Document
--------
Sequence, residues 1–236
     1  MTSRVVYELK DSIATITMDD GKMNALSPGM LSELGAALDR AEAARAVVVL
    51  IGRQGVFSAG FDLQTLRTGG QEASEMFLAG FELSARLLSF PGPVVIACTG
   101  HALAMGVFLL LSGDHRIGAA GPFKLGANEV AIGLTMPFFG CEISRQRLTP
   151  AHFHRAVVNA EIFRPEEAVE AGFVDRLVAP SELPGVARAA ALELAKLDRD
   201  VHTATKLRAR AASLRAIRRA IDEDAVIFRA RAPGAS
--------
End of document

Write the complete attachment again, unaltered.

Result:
Sequence, residues 1–236
     1  MTSRVVYELK DSIATITMDD GKMNALSPGM LSELGAALDR AEAARAVVVL
    51  IGRQGVFSAG FDLQTLRTGG QEASEMFLAG FELSARLLSF PGPVVIACTG
   101  HALAMGVFLL LSGDHRIGAA GPFKLGANEV AIGLTMPFFG CEISRQRLTP
   151  AHFHRAVVNA EIFRPEEAVE AGFVDRLVAP SELPGVARAA ALELAKLDRD
   201  VHTATKLRAR AASLRAIRRA IDEDAVIFRA RAPGAS